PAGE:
We can see these relationships between race and credit/debt, property and ownership, at work in the case of Darren Wilson’s murder of Mike Brown. In the aftermath of the murder, the global protests and marches of solidarity, the refusal of the state to indict Wilson, and the growing resentment on display by many white people tired of black people ‘making this about race,’ what becomes clear is the expectation of credibility in contradistinction to the expectation of indebtedness.
For example, part of the failure to indict Darren Wilson by the grand jury had to do with issues of credibility. Who is a credible witness? Who is a credible subject? In this case, the recounting of events by black people have been roundly dismissed as not credible precisely because of their blackness, which is the propensity to “make things about race” and lie about the violence of history as it happened. Meanwhile, the anonymous white woman, Witness 40, whose legitimacy as a witness was challenged by the FBI (and it’s increasingly becoming clear she may not have even been present at the scene of the murder) is still legible as a credible witness in the logic of whiteness. Sean Hannity and others continue repeating her affirmation of Darren Wilson’s account of Mike Brown “charging” him. Additionally, Wilson’s own account, is considered especially credible. Not only because he is white, but because as a police officer he protects and enforces credibility, which is to the interest of private property. Despite his exceptional disregard for the actually legally stated procedures with which police are to respond to ‘criminals’ or handle evidence or file reports, Wilson is treated as a hero by many whites, has been given a national interview in which he expresses no remorse for killing Brown, and has had over half a million dollars donated to him. In short, it pays to be credible, to be white, precisely because it is black flesh and blood that pays rather than one’s self.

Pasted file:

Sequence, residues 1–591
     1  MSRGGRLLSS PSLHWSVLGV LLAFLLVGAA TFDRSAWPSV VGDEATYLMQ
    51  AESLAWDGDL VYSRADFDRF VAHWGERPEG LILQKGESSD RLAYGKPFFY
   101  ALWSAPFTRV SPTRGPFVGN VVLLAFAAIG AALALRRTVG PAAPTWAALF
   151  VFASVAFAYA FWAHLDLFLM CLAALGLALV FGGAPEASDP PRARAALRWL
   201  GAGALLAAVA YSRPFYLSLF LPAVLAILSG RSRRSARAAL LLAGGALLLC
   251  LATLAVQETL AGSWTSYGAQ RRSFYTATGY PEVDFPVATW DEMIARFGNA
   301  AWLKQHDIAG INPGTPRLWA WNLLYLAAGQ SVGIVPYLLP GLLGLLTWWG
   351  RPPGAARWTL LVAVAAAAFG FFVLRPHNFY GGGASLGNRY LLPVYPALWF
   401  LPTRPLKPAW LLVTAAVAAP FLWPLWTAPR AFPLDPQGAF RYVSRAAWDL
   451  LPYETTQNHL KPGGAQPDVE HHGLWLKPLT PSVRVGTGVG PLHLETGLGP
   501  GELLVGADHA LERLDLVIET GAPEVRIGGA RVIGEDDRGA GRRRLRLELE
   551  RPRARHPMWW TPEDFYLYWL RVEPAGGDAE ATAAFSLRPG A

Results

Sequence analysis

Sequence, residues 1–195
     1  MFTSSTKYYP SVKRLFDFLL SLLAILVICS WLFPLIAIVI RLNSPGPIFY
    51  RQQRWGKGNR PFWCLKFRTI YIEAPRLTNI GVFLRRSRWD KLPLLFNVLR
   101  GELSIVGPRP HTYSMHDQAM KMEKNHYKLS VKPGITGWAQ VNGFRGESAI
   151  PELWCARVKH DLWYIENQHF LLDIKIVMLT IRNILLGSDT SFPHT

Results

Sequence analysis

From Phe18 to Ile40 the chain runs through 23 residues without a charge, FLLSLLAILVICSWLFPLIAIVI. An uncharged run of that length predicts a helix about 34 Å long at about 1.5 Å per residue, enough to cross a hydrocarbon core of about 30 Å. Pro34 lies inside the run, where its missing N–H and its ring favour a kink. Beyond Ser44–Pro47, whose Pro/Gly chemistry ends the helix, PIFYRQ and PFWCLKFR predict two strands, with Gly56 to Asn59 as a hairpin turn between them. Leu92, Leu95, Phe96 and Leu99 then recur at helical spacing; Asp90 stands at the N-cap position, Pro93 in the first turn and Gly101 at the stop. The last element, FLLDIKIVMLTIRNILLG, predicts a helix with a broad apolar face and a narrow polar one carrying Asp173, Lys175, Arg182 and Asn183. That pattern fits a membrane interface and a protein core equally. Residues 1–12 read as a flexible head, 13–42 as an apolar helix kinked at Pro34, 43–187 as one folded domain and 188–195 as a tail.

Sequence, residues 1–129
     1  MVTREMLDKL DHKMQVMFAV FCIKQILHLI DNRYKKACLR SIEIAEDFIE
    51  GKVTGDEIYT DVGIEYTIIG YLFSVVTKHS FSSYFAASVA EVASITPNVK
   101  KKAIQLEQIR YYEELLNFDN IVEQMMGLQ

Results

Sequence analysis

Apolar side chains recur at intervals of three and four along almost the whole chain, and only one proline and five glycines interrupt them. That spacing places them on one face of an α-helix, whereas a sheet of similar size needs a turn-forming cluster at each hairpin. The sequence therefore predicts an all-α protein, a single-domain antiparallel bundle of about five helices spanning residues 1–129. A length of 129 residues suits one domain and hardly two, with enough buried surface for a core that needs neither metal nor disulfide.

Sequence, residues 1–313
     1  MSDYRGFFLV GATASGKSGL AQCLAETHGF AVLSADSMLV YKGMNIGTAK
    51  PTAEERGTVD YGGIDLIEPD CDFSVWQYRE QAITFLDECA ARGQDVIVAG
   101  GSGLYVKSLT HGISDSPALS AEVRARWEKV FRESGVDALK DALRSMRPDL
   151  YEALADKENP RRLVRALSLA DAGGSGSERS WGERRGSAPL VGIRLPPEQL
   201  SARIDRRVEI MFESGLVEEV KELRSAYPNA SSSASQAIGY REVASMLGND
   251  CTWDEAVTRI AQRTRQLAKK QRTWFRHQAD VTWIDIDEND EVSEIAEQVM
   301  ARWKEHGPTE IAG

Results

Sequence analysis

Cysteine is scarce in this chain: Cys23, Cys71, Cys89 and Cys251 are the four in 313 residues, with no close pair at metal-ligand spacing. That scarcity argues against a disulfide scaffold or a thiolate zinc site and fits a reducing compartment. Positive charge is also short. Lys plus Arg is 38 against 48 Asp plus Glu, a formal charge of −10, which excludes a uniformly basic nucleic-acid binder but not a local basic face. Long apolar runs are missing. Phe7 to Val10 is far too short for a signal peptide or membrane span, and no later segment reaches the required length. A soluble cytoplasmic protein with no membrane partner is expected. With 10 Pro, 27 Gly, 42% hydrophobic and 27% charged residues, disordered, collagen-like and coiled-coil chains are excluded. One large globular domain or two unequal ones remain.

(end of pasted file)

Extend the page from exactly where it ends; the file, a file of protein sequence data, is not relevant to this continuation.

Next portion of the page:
Indeed, in many white responses to Ferguson, there is lividness at the idea of anyone thinking an injustice has occurred. Any support of Brown, his family, the Ferguson protestors, etc, is met with incredulity based on the assumption that black people are indebted in some way to white people. Whether for being in America and having access to it’s wealth of economic opportunities, for being freed from slavery, for the ways white people have tried to ‘help’ black people—there is the latent idea that white people are owed a certain behavior from black people which is not consistent with the performance of protest. In this example we can see black people’s indebtedness is understood as one with their being,. Black poverty and experiences of policing are black people’s own fault. If blacks would simply become credible subjects, as white people are, they would not be such moral failures, they would not be so poor, they would not be so violent – so criminal.
In short, blackness is not recognizable apart from the imposition of a permanent indebtedness. On the other hand, whiteness is only recognizable as being separate from its debts, even when history, the law, and one’s own behavior raises questions about the justness with which this credibility is extended, circulated, and maintained.